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Native Pathways to Education
Alaska Native Cultural Resources
Indigenous Knowledge Systems
Indigenous Education Worldwide

Honoring Alaska's Indigenous Literature

Martha Stackhouse

Book Report for The Lamp, the Ice, and the Boat Called Fish
By Jacqueline Briggs Martin
Illustrated by Beth Krommes

The book, The Lamp, the Ice, and the Boat Called Fish, is based on a true story. The author, Jaqueline Briggs Martin, had researched the expedition and decided to put it into a children's book so that it can be used as a history lesson. She had it verified by Emily Wilson, the daughter of the toddler, Makpii, in the book. Emily is an Inupiaq instructor for the University of Alaska, Fairbanks so the Inupiaq words and all the names in the book were spelled correctly. She lives in Mt. Vernon, Iowa.

The illustrator, Beth Krommes, lives in Peterborough, New Hampshire. She did a pretty good job of illustrating the book. I especially liked the first page of the underground sod house and all of the skins and fish drying, sled, meat cache up on top of the house. The house has a long entry way with a lot of hunting gear hanging.

The expedition took place in 1913 when commercial whaling had come to an end. The Canadian Arctic Expedition sponsored this particular trip in order to study the plant life and its Arctic people. Captain Stefansson, the crew, scientists and explorers decided to take an Inupiaq family from Barrow. The father, Kurraluk, and another man, Kataktovik, were to be a hunters for the crew. The mother, Qiruk, was hired to be a seamstress. She had the ability to look at a person and the fur clothing would be just right. She sewed parkas, fur pants and maklaks for the crew members through out the trip.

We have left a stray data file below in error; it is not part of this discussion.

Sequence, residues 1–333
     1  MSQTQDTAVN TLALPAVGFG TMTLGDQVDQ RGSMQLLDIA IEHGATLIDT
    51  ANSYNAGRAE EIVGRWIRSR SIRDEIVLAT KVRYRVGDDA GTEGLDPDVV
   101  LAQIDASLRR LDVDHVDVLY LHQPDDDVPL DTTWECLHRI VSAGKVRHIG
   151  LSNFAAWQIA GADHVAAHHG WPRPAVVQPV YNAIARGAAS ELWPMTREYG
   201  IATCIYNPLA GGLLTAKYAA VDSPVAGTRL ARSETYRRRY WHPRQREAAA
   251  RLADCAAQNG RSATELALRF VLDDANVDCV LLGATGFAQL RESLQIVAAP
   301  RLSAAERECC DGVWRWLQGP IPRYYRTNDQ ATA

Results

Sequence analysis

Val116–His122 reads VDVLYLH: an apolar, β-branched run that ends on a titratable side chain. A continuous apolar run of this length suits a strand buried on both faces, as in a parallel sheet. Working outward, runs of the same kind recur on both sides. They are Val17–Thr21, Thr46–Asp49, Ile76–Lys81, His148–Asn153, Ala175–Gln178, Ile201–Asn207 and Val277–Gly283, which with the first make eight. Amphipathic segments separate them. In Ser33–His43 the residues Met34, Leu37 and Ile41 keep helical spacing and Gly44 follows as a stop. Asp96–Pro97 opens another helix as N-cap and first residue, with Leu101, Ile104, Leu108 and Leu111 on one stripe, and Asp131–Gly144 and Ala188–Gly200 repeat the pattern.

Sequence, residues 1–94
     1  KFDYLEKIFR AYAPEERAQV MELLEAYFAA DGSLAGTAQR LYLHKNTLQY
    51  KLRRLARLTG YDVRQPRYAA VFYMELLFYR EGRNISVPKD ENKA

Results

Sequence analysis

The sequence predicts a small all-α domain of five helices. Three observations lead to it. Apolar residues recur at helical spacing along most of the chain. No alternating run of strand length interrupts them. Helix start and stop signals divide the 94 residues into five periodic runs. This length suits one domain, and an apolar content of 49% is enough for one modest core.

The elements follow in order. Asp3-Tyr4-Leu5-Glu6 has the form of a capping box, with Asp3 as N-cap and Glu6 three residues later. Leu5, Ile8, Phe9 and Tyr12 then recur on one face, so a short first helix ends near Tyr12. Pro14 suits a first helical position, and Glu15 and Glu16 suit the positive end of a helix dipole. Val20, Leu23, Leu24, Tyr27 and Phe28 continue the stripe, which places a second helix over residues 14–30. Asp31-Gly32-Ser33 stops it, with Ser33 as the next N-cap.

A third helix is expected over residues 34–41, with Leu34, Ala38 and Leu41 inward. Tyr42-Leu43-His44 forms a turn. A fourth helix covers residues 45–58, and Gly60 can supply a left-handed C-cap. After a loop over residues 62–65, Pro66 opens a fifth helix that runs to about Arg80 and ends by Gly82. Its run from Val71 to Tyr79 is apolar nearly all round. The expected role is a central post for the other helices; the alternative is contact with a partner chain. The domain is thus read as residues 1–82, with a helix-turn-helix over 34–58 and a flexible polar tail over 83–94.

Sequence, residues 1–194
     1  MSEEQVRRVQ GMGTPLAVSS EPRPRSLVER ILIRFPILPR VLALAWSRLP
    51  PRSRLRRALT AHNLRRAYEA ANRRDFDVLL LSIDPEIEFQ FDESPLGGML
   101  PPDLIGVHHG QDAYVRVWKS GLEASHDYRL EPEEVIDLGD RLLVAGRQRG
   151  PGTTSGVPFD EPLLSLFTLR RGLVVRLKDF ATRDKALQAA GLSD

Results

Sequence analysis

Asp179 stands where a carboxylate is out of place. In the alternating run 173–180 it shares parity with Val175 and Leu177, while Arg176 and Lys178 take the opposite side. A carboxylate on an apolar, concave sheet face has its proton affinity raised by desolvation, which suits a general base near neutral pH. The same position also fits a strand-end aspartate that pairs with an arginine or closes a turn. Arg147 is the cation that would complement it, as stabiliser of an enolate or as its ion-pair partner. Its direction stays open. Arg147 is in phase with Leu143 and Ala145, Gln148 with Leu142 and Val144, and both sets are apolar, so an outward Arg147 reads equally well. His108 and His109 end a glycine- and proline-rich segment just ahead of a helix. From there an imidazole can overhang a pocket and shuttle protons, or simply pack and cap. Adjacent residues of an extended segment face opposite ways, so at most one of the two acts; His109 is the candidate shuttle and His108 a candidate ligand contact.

They set out on their expedition when winter came early in 1913. The ship became locked in with the ice. Captain Stefansson and five crew members left the boat to go hunt caribou. Robert Bartlett became the Captain of the boat. Qiruk continued to sew for the crew. Kurraluk and Kataktovik would occasionally find seals but it was not enough to feed the crew, their 28 dogs and a cat. They spent Christmas and New Year on the ship. Nine days after New Years, the ice cracked and took the ship down with it. They confiscated what they could and built ice houses. Eventually, they decided to walk almost a hundred miles across the sea ice to Wrangell Island off of Siberia. They had to wear goggles to keep from getting snow blind. They had to build snow houses along the way. They encountered ice opening up where they slept, polar bears and near starvation. Finally, they made it to Wrangell Island but they still had meager foods. There were no signs of ships anywhere all summer. Finally in the fall, they saw a ship. They had to go from ice to ice to board it. The ship took them to Nome. The scientists and crew members went home to the south, the Inupiaq family started their long journey back home along the coast to Point Barrow. The book ends here. The Inupiaq family must have made it back safely because I remember seeing Qiruk in the 1950's as a little girl. The toddler, Makpii is still alive and is now the oldest person in Barrow.

I really enjoyed this book, as it talked so positively about the ingenuity of the Inupiaq people. They were able to survive because of the Inupiaq people. I fully recommend that this book remain on the shelves of the schools.

The book reviews are a result of students enrolling in special topics course Ed 493 Examining Alaska Children's Literature taught by Esther A. Ilutsik in the Spring of 2004.

The book reviews are written by the students and are a reflection of their own analysis of the books and have not been altered in any way. The reviewers have given permission to share the book reviews on the HAIL website.






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Last modified August 14, 2006